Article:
An automixer, or automatic microphone mixer, is a live sound mixing device that automatically reduces the strength of a microphone's audio signal when it is not being used. Automixers lower the hiss, rumble, reverberation and other extraneous noise that occur when several microphones operate simultaneously.

Microphones at a press conference being processed through a Dugan E-1 automixer which has been placed on top of the regular audio mixer. San Francisco mayor Gavin Newsom is speaking at a lectern, while golfers Fred Couples and Greg Norman are seated on stage. Six of eight automixer inputs have been muted and are showing red LEDs. The active input is showing full gain with a ladder of green LEDs

Automixers are typically used to mix panel discussions on television talk shows and at conferences and seminars. They can also be used to mix actors' wireless microphones in theater productions and musicals. Automixers are frequently employed in settings where it is expected that a live sound operator won't be present, such as courtrooms and city council chambers.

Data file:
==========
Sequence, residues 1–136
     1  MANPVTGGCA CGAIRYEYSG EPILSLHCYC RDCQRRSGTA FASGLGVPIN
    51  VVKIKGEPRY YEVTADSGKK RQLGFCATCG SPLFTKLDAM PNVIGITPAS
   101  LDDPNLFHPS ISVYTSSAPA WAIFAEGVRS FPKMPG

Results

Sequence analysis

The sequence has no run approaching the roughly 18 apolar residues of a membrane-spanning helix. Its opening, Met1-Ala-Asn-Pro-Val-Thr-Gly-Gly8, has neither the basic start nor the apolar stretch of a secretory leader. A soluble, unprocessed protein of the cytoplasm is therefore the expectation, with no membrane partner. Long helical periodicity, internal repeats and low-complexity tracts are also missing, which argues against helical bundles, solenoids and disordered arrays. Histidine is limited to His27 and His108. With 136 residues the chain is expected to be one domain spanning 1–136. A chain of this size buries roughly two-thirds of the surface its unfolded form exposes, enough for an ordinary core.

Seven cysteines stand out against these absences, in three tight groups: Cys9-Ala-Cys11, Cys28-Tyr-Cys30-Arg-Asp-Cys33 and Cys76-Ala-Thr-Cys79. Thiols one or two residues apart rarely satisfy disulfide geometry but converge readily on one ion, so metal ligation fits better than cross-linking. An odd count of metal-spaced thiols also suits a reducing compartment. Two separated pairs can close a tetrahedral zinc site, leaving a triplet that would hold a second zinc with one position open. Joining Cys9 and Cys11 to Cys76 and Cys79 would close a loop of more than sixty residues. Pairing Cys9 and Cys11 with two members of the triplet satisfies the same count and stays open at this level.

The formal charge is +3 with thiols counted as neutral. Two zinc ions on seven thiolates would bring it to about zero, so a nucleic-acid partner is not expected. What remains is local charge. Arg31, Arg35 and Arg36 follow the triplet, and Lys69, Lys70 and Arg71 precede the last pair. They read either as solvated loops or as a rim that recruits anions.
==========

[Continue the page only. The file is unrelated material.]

Automixer hardware or software uses a variety of methods that allow increased gain before feedback for live sound reinforcement[1] as well as reducing comb filtering between multiple microphones for recorded and broadcast applications.


Automixers balance multiple sound sources based on each source's level, quickly and dramatically adjusting the various signal levels automatically.[2] Automixers are used in live sound reinforcement to maintain a steady limit on the overall signal level of the microphones; if a public address system is set up so that one microphone will not feed back, then, in general, multiple microphones will not feed back if they are automixed. The equivalent number of open mics (NOM) present at the output of the automixer is kept low, regardless of the actual number of mics in use.[3]

While a skilled mixing engineer can greatly enhance the performance of a sound reinforcement system he cannot anticipate with perfect accuracy which participant will speak next in a spontaneous discussion. Sudden interjections by panelists may be lost completely, or the beginning of a word may be absent (or upcut[4]) because the operator does not respond quickly enough.[5] A properly adjusted automixer can prevent losing words or phrases due to upcut mistakes or lapses of attention.[6]